CRCs have considerable impact on innovation
According to the Excellence in Innovation for Australia trial report, seven CRCs were involved in the best EIA Case studies, receiving an outstanding or very considerable impact rating. The report summarises twenty of the best EIA case studies. The CRCs involved were:
CRC for Tropical Savannas Management
CRC for Advanced Automotive Technology
CRC for Spatial Information which provided support for the establishment of Scanalyse
Read the report
16th CRC selection round information sessions
Information sessions on the CRC program and the 16th selection round will be held around Australia in February 2013. Innovative manufacturing, social innovation and sustainable regional communities have been announced as priority areas for the 16th CRC selection round.
Information sessions will explain the application requirements (including how to use the CRC impact tool) and the assessment process. Sessions will also provide a general overview about the CRC program and include information about other state or territory government assistance that may be available. In addition to each session, the department will be available to meet individually with potential applicants or interested parties to provide more direct feedback. These meetings (held the same day in the afternoon) are limited and bookings are essential.
Dates of the information sessions in your capital.
CRCA Conference News
Stepping away from the traditional talking-head conference sessions, Collaborate | Innovate | 2013 welcomes a new interactive, experiential and at times, controversial program style that will have delegates sitting on the edge of their seats.
The traditional linear speaker format is being largely substituted with 'lounge style' interactive sessions this year. All delegates will have the opportunity to participate in discussion around the session topics, so come ready to participate, not just listen.
Some of the topics up for discussion are:
Shaping our Future Wellbeing – Placing community health under the microscope
The Future of Universities in Creating Research Impact – How they can be financially viable in 10 years
Collaborating for Impact in Australian Industry – Looking to increase the competitiveness of Australian Industry globally
More program announcements will be released soon! Register today.
Early Career Researcher Showcase 2013 at Collaborate | Innovate | 2013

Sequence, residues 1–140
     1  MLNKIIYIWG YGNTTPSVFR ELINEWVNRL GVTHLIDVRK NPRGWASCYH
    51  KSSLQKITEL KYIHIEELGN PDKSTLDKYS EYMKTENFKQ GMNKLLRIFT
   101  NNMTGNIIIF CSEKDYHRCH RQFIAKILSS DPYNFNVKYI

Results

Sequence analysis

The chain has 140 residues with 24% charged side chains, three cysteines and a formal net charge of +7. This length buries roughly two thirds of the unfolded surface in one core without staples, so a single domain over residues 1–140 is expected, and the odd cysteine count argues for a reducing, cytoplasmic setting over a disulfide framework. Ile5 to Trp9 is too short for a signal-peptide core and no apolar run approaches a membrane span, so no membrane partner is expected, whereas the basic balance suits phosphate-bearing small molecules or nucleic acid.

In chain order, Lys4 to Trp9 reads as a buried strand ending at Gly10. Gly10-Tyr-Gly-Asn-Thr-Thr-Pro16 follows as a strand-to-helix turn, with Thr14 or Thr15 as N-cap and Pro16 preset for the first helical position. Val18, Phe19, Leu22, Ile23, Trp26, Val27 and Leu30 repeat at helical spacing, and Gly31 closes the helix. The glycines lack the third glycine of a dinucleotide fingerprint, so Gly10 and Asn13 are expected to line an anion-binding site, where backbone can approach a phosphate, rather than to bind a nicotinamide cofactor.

A trip to Melbourne, registration for Collaborate | Innovate | 2013, participation in the Master Entrepreneur training session and ATSE's Extreme Science event and Clunies Ross Awards dinner, and up to $5,000 in prize money could be yours! Go to the entry website. The Early Career Researcher Showcase 2013 is sponsored by CSIRO.
Australia Day Awards
Dr Guy Fitzhardinge has been appointed Member (AM) in the General Division of the Order of Australia, for significant service to conservation and the sustainable management of threatened species, and to the agricultural industry. Dr Fitzhardinge was the chair of the Cooperative Research Centre for Beef Genetic Technologies.
Adjunct Professor David Hood has been appointed Member (AM) in the General Division of the Order of Australia for significant service to environmental engineering as an educator and researcher, through contributions to professional organisations, and to public awareness of sustainability. Professor Hood is Engineers Australia’s immediate past National President and Co-leader of the Sustainability and Organisational Performance Program with the Cooperative Research Centre for Infrastructure and Engineering Asset Management (CIEAM).
Breeding sheep without horns faster using DNA technology
Effective use of DNA technology can reduce the chance of breeding horned Merino rams by 80% in just one year and completely remove the horn gene from the flock in just seven years, according to new data from the Cooperative Research Centre for Sheep Industry Innovation (Sheep CRC).
The modelling revealed that DNA testing just the rams used in a breeding program will quickly reduce the number of horned sheep and eventually lead to the removal of the horn gene from a flock in approximately 20 years. The gene can be removed even faster if producers choose the more expensive option of testing both rams and ewes.
Read the full press release
Real time rock data while drilling
A pioneering mineral exploration technology, which delivers real time information on rock formations while drilling a hole, is the latest world first for the South Australian-based Deep Exploration Technologies Cooperative Research Centre (DET CRC).
Known as the ‘autonomous shuttle’, the small sensor and data logger is pumped to the bottom of a drillhole where it protrudes beyond the diamond drill bit. The shuttle then measures the properties of the rocks surrounding the hole as the drill rods and bit are gradually retrieved.
“With a suite of sensors, the shuttle could replace much drill core, saving time and analytical costs and permitting drilling techniques that are only half the cost of conventional diamond drilling, at a time when Australian mining is feeling the pinch of high costs and declining commodity prices,” DET CRC Chief Executive Professor Richard Hillis said.
Working calmly with poultry
Dr Lauren Edwards undertook her PhD, The human–animal relationship in the caged laying hen, with support from the first round Australian Poultry CRC (2003–2009). Lauren’s research results suggest that the human–animal relationship is very important for the welfare of laying hens.
For industry, the outcomes of this research are simple and easy to adapt into everyday practice. By keeping the amount of noise that they make to a minimum, and by working closely to the birds in a calm and non-threatening manner, stockpeople will be able to reduce the level of fear that their flock experiences. A calmer flock is more pleasant to work with, and may be beneficial for productivity.